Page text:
This is not really an interesting story, but it kinda speaks to a recent IHE or Chronicle piece on whether we still need printed course catalogs—which, I think we do, if for no other reason than that the printed catalog is an existing mechanism by which departments are forced to write important stuff down on a timely basis and commit to it, and recreating that mechanism would cost in time and money what was saved on print and paper.
In doing all my advising, there were still specific tasks I directed students to the printed course catalog for, over the online system—mainly, browsing to see what majors existed (since high schoolers are coming from seven or eight subjects to eighty-plus), and skimming to see which courses in a department could be taken without prerequisites. I actually think the most useful part of my advising was showing them how to use these different systems—as long as they took away the message “always click for more info” and “recognize it’s a lot of back-and-forth”, I feel good.
While advising some 30 incoming students, I found an error in the course catalog.* (see footnote for the truly boring detail)
This is by no means something I’m responsible for—I ran into it because I was advising officially-undeclared-but-planning-on-science majors and I realized the small print conflicted with what we’d been telling our students for the last six years.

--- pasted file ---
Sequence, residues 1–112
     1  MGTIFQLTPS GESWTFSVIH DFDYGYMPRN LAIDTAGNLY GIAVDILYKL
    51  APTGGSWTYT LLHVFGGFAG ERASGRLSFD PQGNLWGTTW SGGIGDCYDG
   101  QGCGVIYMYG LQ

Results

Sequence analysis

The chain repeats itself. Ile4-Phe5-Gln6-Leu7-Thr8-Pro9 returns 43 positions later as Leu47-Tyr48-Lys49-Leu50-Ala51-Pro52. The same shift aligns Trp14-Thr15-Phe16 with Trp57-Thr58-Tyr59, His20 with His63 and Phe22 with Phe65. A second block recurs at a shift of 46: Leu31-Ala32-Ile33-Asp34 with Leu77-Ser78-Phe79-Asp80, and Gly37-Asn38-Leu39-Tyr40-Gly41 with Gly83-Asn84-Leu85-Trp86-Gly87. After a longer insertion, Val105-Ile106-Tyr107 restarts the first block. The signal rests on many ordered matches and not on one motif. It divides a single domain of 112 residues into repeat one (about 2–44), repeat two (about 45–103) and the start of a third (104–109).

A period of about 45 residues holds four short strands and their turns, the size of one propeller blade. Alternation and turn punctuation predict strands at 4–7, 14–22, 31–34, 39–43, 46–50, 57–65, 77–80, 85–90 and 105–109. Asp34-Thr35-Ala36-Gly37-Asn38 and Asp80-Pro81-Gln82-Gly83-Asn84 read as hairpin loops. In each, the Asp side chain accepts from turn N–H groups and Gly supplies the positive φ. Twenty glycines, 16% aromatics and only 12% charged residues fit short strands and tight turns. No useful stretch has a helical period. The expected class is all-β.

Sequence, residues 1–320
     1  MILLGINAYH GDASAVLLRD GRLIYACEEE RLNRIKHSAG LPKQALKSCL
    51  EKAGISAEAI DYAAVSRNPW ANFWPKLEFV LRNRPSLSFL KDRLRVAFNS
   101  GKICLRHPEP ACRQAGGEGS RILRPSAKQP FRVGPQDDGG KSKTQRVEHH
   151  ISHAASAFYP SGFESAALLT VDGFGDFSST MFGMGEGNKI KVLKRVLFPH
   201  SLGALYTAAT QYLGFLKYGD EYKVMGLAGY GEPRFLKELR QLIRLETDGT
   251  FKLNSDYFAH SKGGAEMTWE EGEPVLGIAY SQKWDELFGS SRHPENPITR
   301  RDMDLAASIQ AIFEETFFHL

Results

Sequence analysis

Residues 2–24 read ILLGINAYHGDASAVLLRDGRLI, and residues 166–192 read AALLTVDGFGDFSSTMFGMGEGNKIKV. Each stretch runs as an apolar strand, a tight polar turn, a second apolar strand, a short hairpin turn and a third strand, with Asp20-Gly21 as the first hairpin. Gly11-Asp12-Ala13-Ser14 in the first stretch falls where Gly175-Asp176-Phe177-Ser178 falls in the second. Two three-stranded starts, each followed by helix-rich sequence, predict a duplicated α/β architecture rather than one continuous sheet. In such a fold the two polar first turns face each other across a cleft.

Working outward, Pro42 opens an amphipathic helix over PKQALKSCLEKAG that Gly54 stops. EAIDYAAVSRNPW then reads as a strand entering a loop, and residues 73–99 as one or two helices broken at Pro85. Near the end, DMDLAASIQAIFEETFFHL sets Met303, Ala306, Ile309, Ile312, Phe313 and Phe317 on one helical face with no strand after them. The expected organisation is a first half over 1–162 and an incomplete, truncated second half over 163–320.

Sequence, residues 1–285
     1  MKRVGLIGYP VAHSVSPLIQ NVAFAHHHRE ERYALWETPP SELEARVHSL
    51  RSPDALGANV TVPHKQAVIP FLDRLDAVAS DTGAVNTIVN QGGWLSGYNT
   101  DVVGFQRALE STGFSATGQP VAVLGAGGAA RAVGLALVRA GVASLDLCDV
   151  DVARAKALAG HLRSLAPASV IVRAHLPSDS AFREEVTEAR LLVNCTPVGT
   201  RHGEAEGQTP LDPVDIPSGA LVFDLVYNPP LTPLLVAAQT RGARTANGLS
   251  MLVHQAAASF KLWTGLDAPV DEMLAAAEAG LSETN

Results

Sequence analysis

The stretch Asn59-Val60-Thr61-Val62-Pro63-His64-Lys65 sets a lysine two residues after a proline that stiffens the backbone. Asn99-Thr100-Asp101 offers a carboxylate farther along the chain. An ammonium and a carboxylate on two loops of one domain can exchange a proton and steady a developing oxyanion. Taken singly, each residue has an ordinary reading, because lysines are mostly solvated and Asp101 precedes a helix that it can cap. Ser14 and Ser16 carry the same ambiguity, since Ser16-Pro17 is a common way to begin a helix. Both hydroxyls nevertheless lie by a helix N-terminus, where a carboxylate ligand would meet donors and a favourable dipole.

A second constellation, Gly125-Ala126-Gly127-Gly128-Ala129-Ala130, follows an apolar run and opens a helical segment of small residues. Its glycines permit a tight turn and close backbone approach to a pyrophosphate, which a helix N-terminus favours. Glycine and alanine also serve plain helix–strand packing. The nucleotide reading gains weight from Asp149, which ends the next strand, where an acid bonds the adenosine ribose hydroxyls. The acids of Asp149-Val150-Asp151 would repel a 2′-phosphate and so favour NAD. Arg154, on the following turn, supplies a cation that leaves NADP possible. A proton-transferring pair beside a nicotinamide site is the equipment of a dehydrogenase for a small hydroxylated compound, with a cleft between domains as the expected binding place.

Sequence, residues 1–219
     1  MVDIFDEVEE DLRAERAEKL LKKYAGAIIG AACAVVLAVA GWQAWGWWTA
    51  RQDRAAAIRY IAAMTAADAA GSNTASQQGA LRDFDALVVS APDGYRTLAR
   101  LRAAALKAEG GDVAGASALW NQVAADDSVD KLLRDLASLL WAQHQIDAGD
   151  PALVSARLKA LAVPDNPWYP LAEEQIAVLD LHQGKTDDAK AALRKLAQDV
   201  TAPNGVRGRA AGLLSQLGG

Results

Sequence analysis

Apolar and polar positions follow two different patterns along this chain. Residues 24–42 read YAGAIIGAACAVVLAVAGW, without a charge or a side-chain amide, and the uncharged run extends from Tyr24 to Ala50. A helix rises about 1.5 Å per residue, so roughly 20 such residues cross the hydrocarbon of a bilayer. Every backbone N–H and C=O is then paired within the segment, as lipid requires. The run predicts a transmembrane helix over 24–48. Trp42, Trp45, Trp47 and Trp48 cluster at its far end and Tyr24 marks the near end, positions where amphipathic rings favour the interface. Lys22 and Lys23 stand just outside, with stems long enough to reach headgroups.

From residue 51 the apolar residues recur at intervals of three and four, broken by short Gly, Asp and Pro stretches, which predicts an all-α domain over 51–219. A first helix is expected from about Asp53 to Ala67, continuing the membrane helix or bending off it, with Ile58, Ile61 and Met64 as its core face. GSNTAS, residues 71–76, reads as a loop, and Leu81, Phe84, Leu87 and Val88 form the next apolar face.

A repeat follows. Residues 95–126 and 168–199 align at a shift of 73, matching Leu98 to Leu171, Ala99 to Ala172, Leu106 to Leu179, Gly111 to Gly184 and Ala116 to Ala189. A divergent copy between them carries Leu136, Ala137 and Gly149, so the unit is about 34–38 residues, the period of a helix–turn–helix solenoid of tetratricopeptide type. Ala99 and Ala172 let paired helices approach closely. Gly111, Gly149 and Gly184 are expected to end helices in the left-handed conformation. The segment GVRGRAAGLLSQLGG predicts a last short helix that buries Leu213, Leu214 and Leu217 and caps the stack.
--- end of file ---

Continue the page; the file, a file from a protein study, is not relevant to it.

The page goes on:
However, I’m pretty sure it made no difference because the thing that REALLY enforces the prereqs is the registration computer, so it doesn’t matter what the printed course catalogs says. (I do wonder whether any brand-new undeclared advisors gave some wrong steers—“Oh well. They’ll figure it out” was our advising mantra, despite the degree of hand-holding happening.)
Of course, the only way outside the registrar’s office to tell what the registration computer is actually doing, since the text in the online course schedule is the same wrong text from the course catalog, is is try to enroll for the course. I’m just assuming the registration system has it right because I didn’t hear about anyone crying over their inability to follow my advice on that one (and yes, I did hear about tears over inability to follow other advices).
And yes, I’m arrogant—told the student I was right and the big kahuna of the printed course catalog, the authority of authorities that they are supposed to hold onto until they graduate, must be wrong. Hopefully the message in my explanation there was not “you can’t trust the course catalog” but “the university is not set up to punish you for using logic and taking harder courses”, although, that may in fact not be true at all.
*Specifically, to take general chemistry you need to have taken calculus or be taking it at the same time. There are FOUR calculus sequences, but only three of them meet this co-enrollment requirement (calculus for business majors does not). But a typo made it say that business calculus did meet the requirement but calculus for biology majors does not. Which is clearly illogical. (Honestly, explaining all this to students made me feel some sympathy for the hand-holding demands and helicopter parents—there is a lot of crap to keep track of.)